What Motivates Math Learning? (Part 1)

For the sake of posting stuff on a regular basis,  I will divide this discussion into two parts.

This quote from former CCNY Professor (now Mercy College Dean) Alfred Posamentier was recently brought to my attention:

“The point is to make math intrinsically interesting to children. We should not have to sell mathematics by pointing to its usefulness in other subject areas, which, of course, is real. Love for math will not come about by trying to convince a child that it happens to be a handy tool for life; it grows when a good teacher can draw out a child’s curiosity about how numbers and mathematical principles work. The very high percentage of adults who are unashamed to say that they are bad with math is a good indication of how maligned the subject is and how very little we were taught in school about the enchantment of numbers.”

You can read the whole letter, too: It’s quite interesting. Professor Posamentier is under the impression that we can get more students to like math (or at least not fear it) if we pique the interest of children in mathematics while they’re in elementary school. This sounds like a great idea and a sensible one too, but what methods can teachers use to motivate math learning in elementary schools, especially if the teacher is not well versed in math beyond K-12 school curriculum? What about for math educators in secondary schools? I would like to address some things that I believe can be done at both levels to stimulate students’ interest in mathematics or, at the very least, remove some of the stigma that math is a difficult subject.

Consider the sequence of numbers 0, 2, 4, 6, 8, 10, x. What is likely the value of x? Chances are you guessed 12; if so, why? Well for starters, we are looking at a sequence of numbers that seem to fit the pattern of multiples of two. Something in our intuition tells us that the next logical step in the sequence is 2*6. Our minds seem to have a pattern recognition mechanism that tells us what is likely to follow given a series or prior statements or facts. It is, after all, the next logical step. My experience with intuitive problem solving in mathematics is a positive one that sort of opened the door to interest in problems that require more critical and ingenious problem solving.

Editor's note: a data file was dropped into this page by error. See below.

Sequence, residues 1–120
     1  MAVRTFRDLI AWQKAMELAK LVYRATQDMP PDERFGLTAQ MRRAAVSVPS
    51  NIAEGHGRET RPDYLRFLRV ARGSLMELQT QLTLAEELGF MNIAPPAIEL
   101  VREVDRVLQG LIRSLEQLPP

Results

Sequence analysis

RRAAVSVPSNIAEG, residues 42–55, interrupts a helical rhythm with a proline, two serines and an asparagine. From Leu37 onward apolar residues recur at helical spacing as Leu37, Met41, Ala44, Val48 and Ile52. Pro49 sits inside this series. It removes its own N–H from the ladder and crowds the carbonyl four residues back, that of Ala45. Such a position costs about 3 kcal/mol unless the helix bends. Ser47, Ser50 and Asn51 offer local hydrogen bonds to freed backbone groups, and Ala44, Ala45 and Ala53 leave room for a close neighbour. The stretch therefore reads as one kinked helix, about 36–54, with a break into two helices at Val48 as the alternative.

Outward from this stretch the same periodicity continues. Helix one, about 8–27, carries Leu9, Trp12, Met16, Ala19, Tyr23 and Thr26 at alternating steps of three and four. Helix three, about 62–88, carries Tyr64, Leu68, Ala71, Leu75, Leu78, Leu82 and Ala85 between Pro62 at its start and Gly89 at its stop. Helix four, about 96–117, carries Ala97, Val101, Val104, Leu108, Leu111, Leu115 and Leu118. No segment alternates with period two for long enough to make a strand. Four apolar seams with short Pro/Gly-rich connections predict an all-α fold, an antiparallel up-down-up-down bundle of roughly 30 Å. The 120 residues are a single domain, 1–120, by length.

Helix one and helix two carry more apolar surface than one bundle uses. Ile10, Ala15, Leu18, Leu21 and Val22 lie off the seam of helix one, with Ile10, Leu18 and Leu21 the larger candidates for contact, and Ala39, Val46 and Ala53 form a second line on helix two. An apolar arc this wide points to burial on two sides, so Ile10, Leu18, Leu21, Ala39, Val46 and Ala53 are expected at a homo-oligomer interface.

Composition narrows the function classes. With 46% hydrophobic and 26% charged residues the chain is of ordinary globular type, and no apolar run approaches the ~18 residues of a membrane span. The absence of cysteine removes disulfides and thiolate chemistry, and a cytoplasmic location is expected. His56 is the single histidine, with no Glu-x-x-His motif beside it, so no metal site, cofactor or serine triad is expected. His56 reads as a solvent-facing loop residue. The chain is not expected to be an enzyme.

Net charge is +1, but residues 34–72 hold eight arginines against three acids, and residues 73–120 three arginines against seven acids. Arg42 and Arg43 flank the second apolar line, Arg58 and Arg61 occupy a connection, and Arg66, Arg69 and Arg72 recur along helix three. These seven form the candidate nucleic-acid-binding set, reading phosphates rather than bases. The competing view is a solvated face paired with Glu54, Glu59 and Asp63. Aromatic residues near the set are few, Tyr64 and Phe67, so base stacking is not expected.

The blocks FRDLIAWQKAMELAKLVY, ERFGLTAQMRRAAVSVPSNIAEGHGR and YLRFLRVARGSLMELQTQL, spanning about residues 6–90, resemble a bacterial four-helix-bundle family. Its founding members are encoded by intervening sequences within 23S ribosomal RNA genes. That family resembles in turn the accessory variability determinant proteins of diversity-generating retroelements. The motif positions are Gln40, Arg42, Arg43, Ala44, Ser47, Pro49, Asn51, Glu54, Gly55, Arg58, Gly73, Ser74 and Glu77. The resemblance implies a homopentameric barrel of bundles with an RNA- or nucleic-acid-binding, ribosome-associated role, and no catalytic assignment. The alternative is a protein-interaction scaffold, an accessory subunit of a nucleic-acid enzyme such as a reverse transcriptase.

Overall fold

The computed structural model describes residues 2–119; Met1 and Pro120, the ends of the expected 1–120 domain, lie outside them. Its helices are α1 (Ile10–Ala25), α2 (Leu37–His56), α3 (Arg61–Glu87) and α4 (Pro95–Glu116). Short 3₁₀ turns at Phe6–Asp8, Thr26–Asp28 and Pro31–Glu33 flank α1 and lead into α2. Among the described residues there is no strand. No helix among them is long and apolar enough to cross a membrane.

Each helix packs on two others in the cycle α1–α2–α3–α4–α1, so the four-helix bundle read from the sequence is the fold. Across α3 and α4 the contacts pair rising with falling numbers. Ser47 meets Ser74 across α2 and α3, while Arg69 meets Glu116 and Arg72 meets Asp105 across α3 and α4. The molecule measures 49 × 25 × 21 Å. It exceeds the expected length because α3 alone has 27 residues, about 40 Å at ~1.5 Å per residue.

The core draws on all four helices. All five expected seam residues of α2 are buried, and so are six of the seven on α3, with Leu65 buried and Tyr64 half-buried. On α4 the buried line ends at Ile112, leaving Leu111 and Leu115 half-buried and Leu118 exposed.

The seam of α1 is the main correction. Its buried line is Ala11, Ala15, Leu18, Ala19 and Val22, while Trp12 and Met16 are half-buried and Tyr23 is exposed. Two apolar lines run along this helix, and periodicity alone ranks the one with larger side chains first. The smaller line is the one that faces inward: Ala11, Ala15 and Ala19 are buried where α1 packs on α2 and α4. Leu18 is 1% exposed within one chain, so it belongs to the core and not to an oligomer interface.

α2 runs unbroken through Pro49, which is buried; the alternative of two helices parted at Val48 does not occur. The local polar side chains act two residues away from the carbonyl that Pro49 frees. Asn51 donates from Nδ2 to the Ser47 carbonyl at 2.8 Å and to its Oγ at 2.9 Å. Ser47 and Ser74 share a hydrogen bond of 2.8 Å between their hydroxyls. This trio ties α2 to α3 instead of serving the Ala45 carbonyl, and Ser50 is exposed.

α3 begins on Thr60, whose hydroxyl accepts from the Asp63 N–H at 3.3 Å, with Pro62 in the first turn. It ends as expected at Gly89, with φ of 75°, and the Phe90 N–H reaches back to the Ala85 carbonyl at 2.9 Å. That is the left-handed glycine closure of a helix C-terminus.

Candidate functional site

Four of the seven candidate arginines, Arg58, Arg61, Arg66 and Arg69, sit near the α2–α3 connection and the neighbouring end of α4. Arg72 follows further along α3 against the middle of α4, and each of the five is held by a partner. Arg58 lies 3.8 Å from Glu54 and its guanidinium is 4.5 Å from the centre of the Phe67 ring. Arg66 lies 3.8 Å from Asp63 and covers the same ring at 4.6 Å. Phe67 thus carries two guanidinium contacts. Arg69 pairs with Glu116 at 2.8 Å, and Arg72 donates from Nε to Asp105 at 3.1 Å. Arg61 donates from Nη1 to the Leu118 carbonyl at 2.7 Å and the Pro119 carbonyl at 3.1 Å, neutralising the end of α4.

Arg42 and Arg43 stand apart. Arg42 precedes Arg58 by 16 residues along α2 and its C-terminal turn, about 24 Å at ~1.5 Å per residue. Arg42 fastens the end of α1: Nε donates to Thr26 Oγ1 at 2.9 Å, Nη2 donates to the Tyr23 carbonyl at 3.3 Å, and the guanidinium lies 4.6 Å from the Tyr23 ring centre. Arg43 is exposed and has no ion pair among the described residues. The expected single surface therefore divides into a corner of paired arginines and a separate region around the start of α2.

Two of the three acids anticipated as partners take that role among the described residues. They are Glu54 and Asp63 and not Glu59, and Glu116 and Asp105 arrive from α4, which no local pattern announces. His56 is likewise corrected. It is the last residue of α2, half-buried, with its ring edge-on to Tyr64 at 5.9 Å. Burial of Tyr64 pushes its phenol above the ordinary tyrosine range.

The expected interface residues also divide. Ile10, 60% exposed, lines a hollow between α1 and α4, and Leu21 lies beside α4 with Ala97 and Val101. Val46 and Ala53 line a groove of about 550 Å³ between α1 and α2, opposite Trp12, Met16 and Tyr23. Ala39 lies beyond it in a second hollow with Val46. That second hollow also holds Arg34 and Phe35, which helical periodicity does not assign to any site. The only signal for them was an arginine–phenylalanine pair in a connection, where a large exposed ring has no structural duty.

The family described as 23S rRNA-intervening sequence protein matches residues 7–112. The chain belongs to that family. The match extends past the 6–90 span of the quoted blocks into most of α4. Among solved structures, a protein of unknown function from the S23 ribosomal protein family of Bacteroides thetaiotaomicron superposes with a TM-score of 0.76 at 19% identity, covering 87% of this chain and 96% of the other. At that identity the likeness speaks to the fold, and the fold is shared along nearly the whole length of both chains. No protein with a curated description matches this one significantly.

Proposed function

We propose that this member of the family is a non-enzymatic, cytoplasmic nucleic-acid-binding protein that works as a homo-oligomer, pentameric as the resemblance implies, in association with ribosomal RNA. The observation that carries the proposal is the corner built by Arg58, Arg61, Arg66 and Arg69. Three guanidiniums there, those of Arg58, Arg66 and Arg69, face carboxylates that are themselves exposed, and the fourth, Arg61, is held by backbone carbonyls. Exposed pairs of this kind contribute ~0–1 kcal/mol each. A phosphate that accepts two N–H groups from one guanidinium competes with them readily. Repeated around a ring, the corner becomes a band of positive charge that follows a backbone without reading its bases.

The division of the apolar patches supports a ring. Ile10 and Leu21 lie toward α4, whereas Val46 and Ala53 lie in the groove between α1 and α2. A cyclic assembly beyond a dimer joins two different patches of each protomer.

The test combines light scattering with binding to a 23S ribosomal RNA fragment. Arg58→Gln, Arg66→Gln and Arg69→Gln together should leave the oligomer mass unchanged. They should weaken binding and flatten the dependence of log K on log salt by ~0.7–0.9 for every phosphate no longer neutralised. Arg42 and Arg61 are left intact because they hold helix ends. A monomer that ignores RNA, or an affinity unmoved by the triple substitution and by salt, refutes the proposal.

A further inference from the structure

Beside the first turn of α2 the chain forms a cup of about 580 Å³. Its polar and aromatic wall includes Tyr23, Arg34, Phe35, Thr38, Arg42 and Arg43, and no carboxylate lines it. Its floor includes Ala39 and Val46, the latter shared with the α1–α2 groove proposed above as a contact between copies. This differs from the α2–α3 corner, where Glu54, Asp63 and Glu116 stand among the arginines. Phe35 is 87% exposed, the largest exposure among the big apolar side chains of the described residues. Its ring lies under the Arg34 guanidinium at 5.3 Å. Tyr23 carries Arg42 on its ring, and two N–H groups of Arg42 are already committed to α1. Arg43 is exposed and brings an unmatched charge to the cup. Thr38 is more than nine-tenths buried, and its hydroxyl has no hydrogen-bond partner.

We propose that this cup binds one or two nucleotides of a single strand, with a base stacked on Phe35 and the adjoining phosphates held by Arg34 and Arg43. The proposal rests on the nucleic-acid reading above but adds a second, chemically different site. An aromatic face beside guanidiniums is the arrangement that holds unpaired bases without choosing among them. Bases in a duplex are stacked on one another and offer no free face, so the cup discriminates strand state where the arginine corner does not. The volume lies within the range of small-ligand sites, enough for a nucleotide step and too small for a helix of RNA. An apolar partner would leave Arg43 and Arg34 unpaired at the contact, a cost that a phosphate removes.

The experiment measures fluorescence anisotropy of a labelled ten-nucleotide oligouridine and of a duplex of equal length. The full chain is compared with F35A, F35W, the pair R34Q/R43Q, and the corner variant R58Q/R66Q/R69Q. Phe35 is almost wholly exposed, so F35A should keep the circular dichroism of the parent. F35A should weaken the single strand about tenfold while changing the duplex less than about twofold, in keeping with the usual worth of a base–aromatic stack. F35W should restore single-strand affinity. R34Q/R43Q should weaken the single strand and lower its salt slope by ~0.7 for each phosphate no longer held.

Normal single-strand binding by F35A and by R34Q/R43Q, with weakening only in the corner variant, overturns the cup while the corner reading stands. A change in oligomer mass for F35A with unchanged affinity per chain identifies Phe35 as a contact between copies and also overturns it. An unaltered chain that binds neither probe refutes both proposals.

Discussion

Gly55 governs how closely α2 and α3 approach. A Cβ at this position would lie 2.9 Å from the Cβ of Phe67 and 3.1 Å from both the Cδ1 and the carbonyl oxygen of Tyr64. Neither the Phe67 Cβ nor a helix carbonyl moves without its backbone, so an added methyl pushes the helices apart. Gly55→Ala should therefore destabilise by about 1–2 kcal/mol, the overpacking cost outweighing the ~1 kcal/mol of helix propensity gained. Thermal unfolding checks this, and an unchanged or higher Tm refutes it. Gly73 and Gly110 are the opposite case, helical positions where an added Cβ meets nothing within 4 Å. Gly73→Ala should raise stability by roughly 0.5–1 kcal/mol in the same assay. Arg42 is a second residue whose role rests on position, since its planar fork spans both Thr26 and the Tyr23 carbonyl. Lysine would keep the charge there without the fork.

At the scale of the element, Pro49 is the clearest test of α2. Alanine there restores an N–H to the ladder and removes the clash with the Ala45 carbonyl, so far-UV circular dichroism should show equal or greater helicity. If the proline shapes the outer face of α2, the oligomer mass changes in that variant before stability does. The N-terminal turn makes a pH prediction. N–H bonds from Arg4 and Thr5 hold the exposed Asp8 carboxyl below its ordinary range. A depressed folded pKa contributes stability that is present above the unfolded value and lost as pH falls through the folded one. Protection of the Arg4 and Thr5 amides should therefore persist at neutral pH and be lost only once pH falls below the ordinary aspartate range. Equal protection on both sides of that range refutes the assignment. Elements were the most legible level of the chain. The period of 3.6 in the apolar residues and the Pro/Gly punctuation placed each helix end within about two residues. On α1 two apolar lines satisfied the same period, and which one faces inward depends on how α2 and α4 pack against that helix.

Thinking about mathematics was not always entirely contingent on a large collection of definitions, theorems, proofs, and the likes; mathematics grew out of a series of intuitive arguments that called for more rigor as time progressed and the subject branches evolved. Without going into research paper-like detail, many topics in mathematics arose from intuitive questions stemming from preexisting mathematical or scientific frameworks. I am not asking for math education to revert back to Euler’s proofs (or lack thereof) in Institutiones calculi differentialis nor am I asking for the reader to prove each theorem as an exercise a la Rudin, but I am asking for math educators, regardless of formal education, to dig down into the heart of the symbols and numbers and explain intuitively what is going on in a subject, how it is believed to have come about, and some of the neat results and consequences. Granted, rote tasks like learning elementary multiplication tables are hard to motivate, but one can easily go into a discussion on elementary multiplicative patterns in numbers, e.g. any number whose sum of digits is divisible by three is itself divisible by three. I must acknowledge that within the realm of intuitive thought, one ought to use different teaching methods to reach a wider learning-style audience, i.e. visual learners, hands-on learners, etc. The point is to digress from repetitive computations and lifeless introductions to new material that fail to stress key ideas and concepts in mathematics and venture into a world of inquiry and critical thought using the language of nature’s book.